The evacuated tubes nowadays can withstand long periods of stagnation. This is because of a redesign. Older tubes had a heat transfer fluid that could degrade if the collector was allowed to stagnate, something like the old Viessmann tubes. This was also engineered to be installed with a heat dump to protect the glycol and tubes from degrading but the system was subject to bad controllers and of course bad installations.

Done right, solar thermal systems are very effective. Oh and you must always use a pump in these indirect closed loop systems, but the efficiency is very high and the robustness is incredible.

Solar thermal systems need the glycol changed every like 15 years but system life is 30+, solar electrical, a 40 year lifespan.
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Old 04-17-2013, 10:40 PM
 
89 posts, read 117,611 times
Reputation: 91
Quote:
Originally Posted by Werone View Post
Propylene glycol comes either inhibited or nonihibited, if you choose the inhibited glycol, something like tyfocor brand, the the working temperature is well above 212 F. What happens then is that most manufacturers of solar thermal equipment ensure the collectors can stagnate, (under no load) for a long period of time. Stagnation temperatures can reach over 400 F in hot weather.

Solar thermal manufacturers know the displacement, or amount of fluid that needs to exit the collectors under a no load condition, and allow the collectors to stagnate. What this does is steam the water in the water/glycol mixture, causing the glycol to exit the collectors and take up volume in an expansion tank therefore protecting the glycol. This feature is known as steamback.

The evacuated tubes nowadays can withstand long periods of stagnation. This is because of a redesign. Older tubes had a heat transfer fluid that could degrade if the collector was allowed to stagnate, something like the old Viessmann tubes. This was also engineered to be installed with a heat dump to protect the glycol and tubes from degrading but the system was subject to bad controllers and of course bad installations.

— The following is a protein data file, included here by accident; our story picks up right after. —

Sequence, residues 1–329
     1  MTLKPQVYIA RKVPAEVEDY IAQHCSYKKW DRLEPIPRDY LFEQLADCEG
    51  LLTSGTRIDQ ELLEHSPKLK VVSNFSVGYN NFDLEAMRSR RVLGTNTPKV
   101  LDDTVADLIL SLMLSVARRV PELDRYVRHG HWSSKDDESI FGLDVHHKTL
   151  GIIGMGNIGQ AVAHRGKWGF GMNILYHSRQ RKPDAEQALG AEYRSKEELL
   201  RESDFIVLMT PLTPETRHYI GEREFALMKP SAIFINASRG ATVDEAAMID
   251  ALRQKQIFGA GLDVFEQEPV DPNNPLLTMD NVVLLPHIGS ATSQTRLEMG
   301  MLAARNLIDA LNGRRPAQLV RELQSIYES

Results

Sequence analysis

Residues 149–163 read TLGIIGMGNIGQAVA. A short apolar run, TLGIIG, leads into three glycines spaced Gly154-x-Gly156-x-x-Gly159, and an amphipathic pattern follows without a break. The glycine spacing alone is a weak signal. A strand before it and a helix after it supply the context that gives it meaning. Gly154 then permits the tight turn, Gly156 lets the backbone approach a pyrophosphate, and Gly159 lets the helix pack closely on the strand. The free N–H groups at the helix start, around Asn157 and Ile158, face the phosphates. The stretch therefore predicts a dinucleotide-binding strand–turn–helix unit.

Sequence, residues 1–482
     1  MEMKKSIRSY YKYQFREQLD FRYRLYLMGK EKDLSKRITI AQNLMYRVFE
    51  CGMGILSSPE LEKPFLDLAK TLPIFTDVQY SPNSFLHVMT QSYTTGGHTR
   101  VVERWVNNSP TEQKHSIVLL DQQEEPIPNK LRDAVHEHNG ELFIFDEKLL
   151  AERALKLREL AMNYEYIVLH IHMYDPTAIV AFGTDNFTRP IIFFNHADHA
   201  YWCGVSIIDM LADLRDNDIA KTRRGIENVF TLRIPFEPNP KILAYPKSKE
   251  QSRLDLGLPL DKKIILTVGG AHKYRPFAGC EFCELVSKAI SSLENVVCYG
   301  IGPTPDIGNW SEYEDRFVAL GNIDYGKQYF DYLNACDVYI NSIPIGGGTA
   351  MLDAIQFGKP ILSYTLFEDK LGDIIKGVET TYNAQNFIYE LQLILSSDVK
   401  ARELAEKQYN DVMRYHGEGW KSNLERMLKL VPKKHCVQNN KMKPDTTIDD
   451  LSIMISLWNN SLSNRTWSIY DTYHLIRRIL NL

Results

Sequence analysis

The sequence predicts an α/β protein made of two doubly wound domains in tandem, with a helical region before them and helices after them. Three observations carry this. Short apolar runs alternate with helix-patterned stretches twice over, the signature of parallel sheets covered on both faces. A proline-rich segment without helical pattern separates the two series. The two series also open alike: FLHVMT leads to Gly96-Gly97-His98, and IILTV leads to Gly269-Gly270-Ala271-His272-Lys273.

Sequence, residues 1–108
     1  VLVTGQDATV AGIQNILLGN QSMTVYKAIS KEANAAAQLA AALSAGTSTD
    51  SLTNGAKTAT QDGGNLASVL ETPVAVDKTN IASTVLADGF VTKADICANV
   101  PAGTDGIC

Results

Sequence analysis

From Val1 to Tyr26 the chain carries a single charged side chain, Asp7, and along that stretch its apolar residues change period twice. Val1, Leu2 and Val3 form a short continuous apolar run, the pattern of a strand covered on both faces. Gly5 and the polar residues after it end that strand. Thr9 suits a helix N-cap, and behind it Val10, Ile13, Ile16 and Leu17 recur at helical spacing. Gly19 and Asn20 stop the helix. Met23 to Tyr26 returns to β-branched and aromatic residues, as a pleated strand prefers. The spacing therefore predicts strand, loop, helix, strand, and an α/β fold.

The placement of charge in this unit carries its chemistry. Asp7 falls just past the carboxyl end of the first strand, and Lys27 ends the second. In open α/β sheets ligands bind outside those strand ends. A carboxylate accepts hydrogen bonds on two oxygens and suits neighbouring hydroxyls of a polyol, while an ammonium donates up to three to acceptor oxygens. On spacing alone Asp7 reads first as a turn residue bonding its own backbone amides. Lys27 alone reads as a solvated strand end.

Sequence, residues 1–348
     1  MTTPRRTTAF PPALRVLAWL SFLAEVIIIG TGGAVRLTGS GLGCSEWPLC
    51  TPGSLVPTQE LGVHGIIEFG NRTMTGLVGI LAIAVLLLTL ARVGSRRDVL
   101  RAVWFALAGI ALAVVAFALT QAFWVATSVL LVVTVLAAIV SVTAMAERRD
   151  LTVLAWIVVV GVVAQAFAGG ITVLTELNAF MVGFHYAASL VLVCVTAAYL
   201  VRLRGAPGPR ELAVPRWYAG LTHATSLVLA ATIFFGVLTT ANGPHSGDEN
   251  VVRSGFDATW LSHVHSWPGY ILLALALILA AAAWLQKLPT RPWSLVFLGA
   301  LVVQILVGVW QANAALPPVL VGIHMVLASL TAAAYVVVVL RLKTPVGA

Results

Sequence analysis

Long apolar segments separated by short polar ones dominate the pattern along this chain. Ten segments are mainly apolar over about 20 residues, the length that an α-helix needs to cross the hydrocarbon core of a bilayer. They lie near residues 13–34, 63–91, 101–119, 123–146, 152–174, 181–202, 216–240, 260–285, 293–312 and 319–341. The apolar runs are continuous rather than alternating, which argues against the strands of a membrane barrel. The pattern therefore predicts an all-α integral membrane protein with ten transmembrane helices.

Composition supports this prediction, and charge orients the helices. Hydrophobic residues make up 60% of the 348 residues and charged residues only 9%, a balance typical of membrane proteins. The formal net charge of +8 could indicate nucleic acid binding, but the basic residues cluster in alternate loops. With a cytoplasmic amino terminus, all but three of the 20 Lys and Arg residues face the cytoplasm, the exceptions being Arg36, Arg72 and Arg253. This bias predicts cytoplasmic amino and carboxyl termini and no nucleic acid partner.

Done right, solar thermal systems are very effective. Oh and you must always use a pump in these indirect closed loop systems, but the efficiency is very high and the robustness is incredible.

Solar thermal systems need the glycol changed every like 15 years but system life is 30+, solar electrical, a 40 year lifespan.


Yes, but like I said, when the collector stagnates, the propolyne glycol degrades. Nothing you can do about it. It degrades at 212 but is very quick at 250 and copper in contact with the solution increases the rate of decay conciderably. Copper is almost mandatory at higher temperatures. Nothing you can do about it.

I found this out the hard way after a large investment in collectors that I thought would last me many years. But on the third winter they froze and burst due to the degrading propolyne glycol.

How do you get past the snow and ice problem?